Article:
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Shrub, Groundcover Rose 'Sweet Drift'


Family: Rosaceae (ro-ZAY-see-ee) (Info)
Genus: Rosa (RO-zuh) (Info)
Cultivar: Sweet Drift
Additional cultivar information:(PP21612; Drift Roses; aka Meisweetdom, Meiswetdom)
Hybridized by Meilland
Registered or introduced: 2009
» View all varieties of Roses




12-18 in. (30-45 cm)

18-24 in. (45-60 cm)


24-36 in. (60-90 cm)


USDA Zone 5a: to -28.8 C (-20 F)

USDA Zone 5b: to -26.1 C (-15 F)

USDA Zone 6a: to -23.3 C (-10 F)

USDA Zone 6b: to -20.5 C (-5 F)

USDA Zone 7a: to -17.7 C (0 F)

USDA Zone 7b: to -14.9 C (5 F)

USDA Zone 8a: to -12.2 C (10 F)

USDA Zone 8b: to -9.4 C (15 F)

USDA Zone 9b: to -3.8 C (25 F)

Bloom Color:

Medium pink (mp)

Bloom Shape:


Flower Fragrance:

No fragrance

Bloom Time:

Mid Spring

Late Spring/Early Summer

Mid Summer

Late Summer/Early Fall

Mid Fall



Patent Information:


Other Details:

Unknown - Tell us

Pruning Instructions:

Blooms on new wood; prune early to promote new growth

Soil pH requirements:

5.6 to 6.0 (acidic)

6.1 to 6.5 (mildly acidic)

6.6 to 7.5 (neutral)

7.6 to 7.8 (mildly alkaline)

Propagation Methods:

From softwood cuttings

From semi-hardwood cuttings

From hardwood cuttings

From hardwood heel cuttings

By grafting

By budding

Foliage Color:

Unknown - Tell us

Bloom Characteristics:

This plant is attractive to bees, butterflies and/or birds

Water Requirements:

Average Water Needs; Water regularly; do not overwater

Where to Grow:

Grow outdoors year-round

Suitable for growing in containers


This plant has been said to grow in the following regions:

Saint Petersburg, Florida

Alexandria, Louisiana

Bronx, New York

Houston, Texas

Gardeners' Notes:


On Dec 3, 2016, ladibyrd from Pinellas Park, FL (Zone 10a) wrote:

Despite the dirt being bone dry (apparently for a while) when I purchased it, my 'Sweet Drift' is doing quite well. The flowers are very full in their adorable petiteness and do have a lovely classic rose scent.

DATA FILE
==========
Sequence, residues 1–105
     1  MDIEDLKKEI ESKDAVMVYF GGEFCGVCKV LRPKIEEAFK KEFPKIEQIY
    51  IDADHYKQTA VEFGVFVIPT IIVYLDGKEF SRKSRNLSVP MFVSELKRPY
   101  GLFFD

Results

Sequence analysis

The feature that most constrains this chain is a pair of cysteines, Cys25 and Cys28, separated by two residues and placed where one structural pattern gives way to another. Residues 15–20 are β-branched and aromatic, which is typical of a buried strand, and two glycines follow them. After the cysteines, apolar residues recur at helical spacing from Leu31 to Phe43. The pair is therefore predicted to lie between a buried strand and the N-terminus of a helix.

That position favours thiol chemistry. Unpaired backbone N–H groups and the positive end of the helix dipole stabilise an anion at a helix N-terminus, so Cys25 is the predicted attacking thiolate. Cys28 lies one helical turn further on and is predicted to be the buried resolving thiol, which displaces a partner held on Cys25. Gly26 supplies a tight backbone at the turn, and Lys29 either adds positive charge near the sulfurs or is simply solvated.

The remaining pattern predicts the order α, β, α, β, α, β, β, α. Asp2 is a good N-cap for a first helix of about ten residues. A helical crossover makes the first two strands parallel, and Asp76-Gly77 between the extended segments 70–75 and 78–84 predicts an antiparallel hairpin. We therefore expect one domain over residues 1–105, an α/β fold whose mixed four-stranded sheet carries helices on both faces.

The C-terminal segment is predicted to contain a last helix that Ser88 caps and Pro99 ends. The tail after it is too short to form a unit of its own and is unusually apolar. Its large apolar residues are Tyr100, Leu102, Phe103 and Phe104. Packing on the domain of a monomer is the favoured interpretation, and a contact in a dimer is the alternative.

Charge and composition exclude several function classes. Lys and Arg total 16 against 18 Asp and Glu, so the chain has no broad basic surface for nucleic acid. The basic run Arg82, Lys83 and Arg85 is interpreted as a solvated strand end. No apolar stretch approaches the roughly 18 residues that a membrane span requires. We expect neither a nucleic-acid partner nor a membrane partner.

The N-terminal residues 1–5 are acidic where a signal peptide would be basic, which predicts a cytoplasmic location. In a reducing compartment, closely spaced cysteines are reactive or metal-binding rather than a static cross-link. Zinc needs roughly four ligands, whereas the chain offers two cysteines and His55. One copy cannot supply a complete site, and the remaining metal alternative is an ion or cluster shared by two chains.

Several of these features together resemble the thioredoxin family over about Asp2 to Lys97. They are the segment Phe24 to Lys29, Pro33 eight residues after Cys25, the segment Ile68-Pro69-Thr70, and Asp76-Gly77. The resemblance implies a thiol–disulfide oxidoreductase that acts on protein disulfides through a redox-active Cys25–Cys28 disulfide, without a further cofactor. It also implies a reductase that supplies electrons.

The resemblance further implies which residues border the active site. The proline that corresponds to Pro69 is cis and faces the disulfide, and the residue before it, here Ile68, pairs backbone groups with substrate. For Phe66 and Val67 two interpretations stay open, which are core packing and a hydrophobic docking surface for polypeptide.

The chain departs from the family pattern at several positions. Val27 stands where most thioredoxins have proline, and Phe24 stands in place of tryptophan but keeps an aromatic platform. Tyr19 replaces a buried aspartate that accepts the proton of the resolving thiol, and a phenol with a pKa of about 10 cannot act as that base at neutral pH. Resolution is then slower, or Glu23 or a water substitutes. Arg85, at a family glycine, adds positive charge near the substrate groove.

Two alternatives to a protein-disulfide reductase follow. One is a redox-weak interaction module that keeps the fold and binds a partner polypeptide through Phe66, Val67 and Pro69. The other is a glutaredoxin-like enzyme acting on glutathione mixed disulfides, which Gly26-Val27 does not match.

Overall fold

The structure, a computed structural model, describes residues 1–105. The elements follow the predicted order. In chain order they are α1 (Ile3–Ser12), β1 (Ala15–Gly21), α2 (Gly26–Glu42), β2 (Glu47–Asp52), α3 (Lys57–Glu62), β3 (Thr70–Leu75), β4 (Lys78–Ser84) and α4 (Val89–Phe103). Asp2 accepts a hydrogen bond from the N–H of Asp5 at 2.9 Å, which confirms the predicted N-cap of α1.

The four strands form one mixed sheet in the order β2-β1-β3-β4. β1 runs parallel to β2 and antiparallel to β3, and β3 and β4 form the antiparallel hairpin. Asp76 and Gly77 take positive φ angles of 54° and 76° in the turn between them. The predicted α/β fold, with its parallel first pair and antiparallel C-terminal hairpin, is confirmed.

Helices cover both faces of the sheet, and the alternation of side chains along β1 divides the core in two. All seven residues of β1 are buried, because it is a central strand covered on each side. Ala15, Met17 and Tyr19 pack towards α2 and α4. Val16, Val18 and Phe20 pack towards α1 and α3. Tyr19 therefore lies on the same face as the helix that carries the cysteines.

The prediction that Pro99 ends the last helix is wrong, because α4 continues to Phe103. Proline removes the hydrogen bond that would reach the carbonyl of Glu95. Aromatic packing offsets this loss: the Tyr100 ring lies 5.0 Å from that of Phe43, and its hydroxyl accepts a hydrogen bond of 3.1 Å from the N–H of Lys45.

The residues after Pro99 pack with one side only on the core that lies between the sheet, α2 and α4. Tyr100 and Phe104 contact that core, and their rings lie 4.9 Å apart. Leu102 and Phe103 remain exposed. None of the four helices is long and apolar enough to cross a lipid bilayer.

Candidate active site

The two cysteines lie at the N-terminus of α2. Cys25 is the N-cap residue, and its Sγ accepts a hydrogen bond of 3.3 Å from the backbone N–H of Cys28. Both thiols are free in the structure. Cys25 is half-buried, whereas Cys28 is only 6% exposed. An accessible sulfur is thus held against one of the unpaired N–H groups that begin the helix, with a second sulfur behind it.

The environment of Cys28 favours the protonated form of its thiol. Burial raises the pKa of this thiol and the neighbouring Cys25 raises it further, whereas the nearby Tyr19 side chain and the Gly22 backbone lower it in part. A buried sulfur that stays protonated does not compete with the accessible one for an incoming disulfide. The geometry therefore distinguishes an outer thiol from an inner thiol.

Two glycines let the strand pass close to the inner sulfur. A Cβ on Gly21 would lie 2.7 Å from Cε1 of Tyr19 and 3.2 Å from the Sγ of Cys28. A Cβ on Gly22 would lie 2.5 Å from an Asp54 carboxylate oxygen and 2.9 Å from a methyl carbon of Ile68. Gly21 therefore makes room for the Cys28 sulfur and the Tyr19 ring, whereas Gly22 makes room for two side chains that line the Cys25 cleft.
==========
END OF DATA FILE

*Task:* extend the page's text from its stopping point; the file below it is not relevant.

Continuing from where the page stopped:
I'll admit to leaving it in the pot I purchased it in for quite a while, but now that it's repotted (along with a 'Coral Drift'), it seems to be growing well. I'm new to roses, and it seems to be easy-going so far, so I may opt to get more for a bed planting shortly.


On Aug 31, 2016, anna171 from Tarrytown, NY wrote:

Sweet Drift is performing as well for me as it does for the Peggy Rockerfeller rose garden. Purchased at Home Depot, where it must have been heavily infected, the poor overgrown Drift promptly succumbed to black spot. I considered discarding it, but the high recommendation from the Bronx Botanical Garden made me reconsider. After removing two thirds of the plant I sprayed it with milk, and it recovered in record time. Drift bloomed with reckless abandon through 90F days until ConEd workers dug it up and left it, the rootball up, in the punishing July sun.
Yet it survived the second shock and bloomed and bloomed and bloomed.
Its very double flowers are naively pink, fading to the palest lavender in the heat. A delightful spreading front-of-the-flower-bed rose bush, a vigorou... read more


On Sep 27, 2014, coriaceous from ROSLINDALE, MA wrote:

"Sweet Drift" made the NYBG's Peggy Rockefeller Rose Garden's list of top performers. The Rockefeller Rose Garden is a sustainable garden in which no toxic fungicides are used. In NYC, this cultivar has excellent, clean foliage all season without spraying for blackspot.

The flowers are fully double and a little over 2" across, and the foliage is proportionately small. In NYC, bloom is profuse, starting in June and continuing nonstop till frost.

Because of the challenge they present to weed control, I wouldn't use any rose as a groundcover. "Sweet Drift" has a good low mounding habit that's useful in the garden but not especially useful as a groundcover.

The cultivar name is 'Meisweetdom'. "Sweet Drift" is a trademark and a proprietary trade name... read more


On Aug 8, 2011, mjbivens from Houston, TX wrote:

Although it's habit is more low mounding than groundcover, it cannot be beaten for blooms!
I planted several Peach Drift here in Houston early this spring. They began blooming within a month and have not stopped, in spite of the 100+ degree temps.
No disease problems and do not require a lot of water.